Home Coronavirus EDM Friday Briefing: CDC Says Current Coronavirus Risk in US Is Low
EDM Friday Briefing: CDC Says Current Coronavirus Risk in US Is Low

EDM Friday Briefing: CDC Says Current Coronavirus Risk in US Is Low

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Emergency and disaster management briefing for February 28, 2020: The CDC notes that the risk of contracting COVID-19 is low, but admits the disease is still likely to spread; a massive water main break in Houston caused widespread flooding and a boil water alert for residents; multiple agencies are preparing for an emergency shelter disaster drill in Carson City; officials have identified the five victims of the Molson Coors workplace shooting that occurred in Milwaukee; a Swiss town may need to evacuate for at least a decade to remove a WWII weapons cache; state grant funding has increased the number of emergency shelter spaces and made schools in the St. John's County School District more resilient to disasters; an after-action report of the response to the Kilauea volcanic eruption in 2018 reveals gaps in information sharing due to ad hoc conversations; and the UK is bracing for its third storm this month amid ongoing, widespread and devastating flooding.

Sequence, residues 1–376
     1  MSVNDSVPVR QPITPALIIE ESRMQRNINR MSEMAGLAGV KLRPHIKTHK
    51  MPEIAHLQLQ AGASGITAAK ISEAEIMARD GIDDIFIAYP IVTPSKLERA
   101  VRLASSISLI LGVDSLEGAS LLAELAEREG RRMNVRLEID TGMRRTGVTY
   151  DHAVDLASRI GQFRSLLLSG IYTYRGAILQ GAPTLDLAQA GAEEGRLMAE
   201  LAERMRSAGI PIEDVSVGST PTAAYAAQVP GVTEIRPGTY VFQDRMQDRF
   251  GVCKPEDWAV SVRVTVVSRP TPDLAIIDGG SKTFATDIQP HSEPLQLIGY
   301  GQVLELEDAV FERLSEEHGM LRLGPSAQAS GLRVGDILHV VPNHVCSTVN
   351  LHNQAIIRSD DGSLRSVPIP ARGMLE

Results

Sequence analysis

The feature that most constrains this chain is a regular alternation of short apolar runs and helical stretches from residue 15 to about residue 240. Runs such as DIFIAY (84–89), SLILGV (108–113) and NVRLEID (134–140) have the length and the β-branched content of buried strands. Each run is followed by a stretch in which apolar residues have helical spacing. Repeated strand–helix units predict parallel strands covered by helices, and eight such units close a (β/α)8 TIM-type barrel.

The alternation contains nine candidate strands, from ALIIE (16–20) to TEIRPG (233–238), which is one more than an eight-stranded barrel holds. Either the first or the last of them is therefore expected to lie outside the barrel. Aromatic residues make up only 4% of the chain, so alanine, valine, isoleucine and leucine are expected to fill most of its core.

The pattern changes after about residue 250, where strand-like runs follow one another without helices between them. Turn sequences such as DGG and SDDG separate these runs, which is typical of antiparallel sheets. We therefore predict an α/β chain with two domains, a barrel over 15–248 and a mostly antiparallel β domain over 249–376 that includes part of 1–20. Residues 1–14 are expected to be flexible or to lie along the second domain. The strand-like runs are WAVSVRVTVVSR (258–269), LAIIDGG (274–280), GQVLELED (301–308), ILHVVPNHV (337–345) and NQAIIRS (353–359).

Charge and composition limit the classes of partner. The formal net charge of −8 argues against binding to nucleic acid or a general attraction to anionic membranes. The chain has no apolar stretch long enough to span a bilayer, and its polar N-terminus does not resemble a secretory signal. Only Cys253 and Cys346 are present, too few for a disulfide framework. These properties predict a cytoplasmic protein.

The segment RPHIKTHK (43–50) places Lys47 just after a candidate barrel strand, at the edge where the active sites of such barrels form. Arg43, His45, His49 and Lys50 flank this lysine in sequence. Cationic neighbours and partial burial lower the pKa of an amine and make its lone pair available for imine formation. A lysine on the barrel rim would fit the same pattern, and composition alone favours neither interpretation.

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1) At a congressional hearing on Wednesday, the director of the Centers for Disease Control and Prevention (CDC) noted that although the risk of contracting the coronavirus remains low in the U.S., the virus is still likely to spread. CDC officials noted that more work will need to be done to control the outbreak, and quarantines and travel restrictions could still be implemented. Health officials stated that the best way to avoid contracting any virus is through frequent and thorough hand washing, avoiding close contact with people who are sick, and for people to remain at home when they are not feeling well.

2) A massive water main break in Houston, Texas, on Thursday quickly led to flooded roadways and neighborhoods, along with a request for residents to conserve water. The incident occurred on Clinton Drive and involved an eight-foot water main that broke and quickly flooded roadways, underpasses, and neighborhoods. Officials say that the water main break highlighted the need for critical infrastructure improvements across the city. Houston schools were closed, trucks were used to rescue drivers stranded in their cars amid floodwaters, and a boil water alert was issued for area residents.

3) Multiple emergency management and other public and disaster relief agencies in Carson City, Nevada, are preparing for a shelter drill that is set to take place on March 18. The drill is a collaborative effort between emergency managers from Carson City, Douglas, Lyon, and Storey counties and the Red Cross -- a disaster training event that has taken months to plan. The plan is to fully activate emergency shelters for evacuees and their pets, in order to test the sheltering capacity and the ability of the shelters to provide support services to the community in the event of a real disaster.